So, again:
-the -10 to Defenses is still valid
-the MV monster has a lot more HP than the PF one (almost twice as much) but it has a lot less resistances
-the MV monster deals less damage
-the MV monster's attacks are about 10 points lower


So what have we learned from all this?

I'd say, based on this cursory analysis that if you want to port MV monsters into PF, you should do the following:
-as a rule of thumb, halve their Initiative score (but don't hold this as a golden rule)
-subtract ~10-12 from the monster's Defenses to get its Saving Throw values
-you should probably completely reroll all their Hit Points, as per the following formula [level+(level/4)]d8+Con bonus. This will NOT work universally, but it's a good rule of thumb.
-drop their damage output to 1/4 at first level and do the same with their attacks. 1/2 at second level and 3/4 at third. Leave it be at 4th. After that, add half their level to the original attack and damage. So if a lvl 1 MV monster does ~6dmg, drop it to ~3. If a level 3 monster attacks at +8 for ~10 damage, it now attacks at +6 for ~7 dmg. For a level 14 monster add +7 (14/2) to their attacks and damage.

That should about do it as far as math is concerned. But only playtesting can tell whether the powers and shticks can actually translate from one edition to another.


  1. Skipped, because spells aren't part of 4e's statblock. I think this is because:
    1. A lot of spells that the dragon used to have, like Dispel Magic are either folded into his stats (he gets extra actions to shake off effects) or simply aren't part of 4E's spell economy anymore.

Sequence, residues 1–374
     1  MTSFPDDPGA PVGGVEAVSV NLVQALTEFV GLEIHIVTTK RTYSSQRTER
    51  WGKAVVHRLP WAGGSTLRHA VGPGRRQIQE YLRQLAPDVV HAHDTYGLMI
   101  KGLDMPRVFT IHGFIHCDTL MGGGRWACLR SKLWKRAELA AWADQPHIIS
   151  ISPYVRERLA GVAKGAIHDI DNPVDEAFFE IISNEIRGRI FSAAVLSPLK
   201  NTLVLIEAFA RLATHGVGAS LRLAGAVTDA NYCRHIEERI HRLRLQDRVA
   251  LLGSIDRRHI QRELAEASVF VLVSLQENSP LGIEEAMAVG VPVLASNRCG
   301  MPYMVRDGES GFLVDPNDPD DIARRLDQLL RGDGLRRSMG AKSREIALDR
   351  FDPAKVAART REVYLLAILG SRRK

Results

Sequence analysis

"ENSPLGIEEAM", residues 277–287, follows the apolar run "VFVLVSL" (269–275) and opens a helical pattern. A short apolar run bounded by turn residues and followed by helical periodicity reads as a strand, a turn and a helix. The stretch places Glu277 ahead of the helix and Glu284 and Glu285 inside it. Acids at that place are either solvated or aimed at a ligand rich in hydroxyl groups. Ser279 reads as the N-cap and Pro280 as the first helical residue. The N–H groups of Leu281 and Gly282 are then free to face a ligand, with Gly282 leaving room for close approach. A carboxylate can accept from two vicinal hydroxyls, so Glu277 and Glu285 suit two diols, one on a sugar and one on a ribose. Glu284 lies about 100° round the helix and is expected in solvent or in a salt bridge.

2. Even back in 3.x the dragon was mostly far better off actually breathing fire and making full round attacks than casting spells once in combat.
    3. A lot of the spells are now Rituals which (afaic) the DM can give the dragon access to at his discretion and are not part of the statblock (which is meant to be super-condensed).

    I guess you could say that straight out of the book this makes the 3.x dragon more powerful, but in practice I don't think it makes much of a difference. Once you enter combat, as a dragon I'd rather chomp the fighter, tailslap the thief and breathe fire on the wizard than spend a round risking to cast prismatic wall and eat up AoOs, no matter the edition.

  2. I could also be a grumpy grognard and say that all 4E magic is now "Zap!" anyway and that they ruined it because dragon's can't cast Tongues anymore. But as mentioned earlier, this is meant to be a quick and concise reference for combat, not a "what dragons can do in general" (which is whatever the fuck you want). Combat happens, you crack open the Dragon entry and you know how it fights. With 3.x you have to either prepare his tactics in advance or pause during the game to check up the spells in PHB.

    The Red might also be a bad example, because they've made them the most melee-oriented. For example: Blacks have a Curse-like power, Greens have a Charm-like power. And since there are dracoliches in the book (specifically referencing the ritual that the dragon undergoes) the implied dragon-as-spellcaster is definitely still there.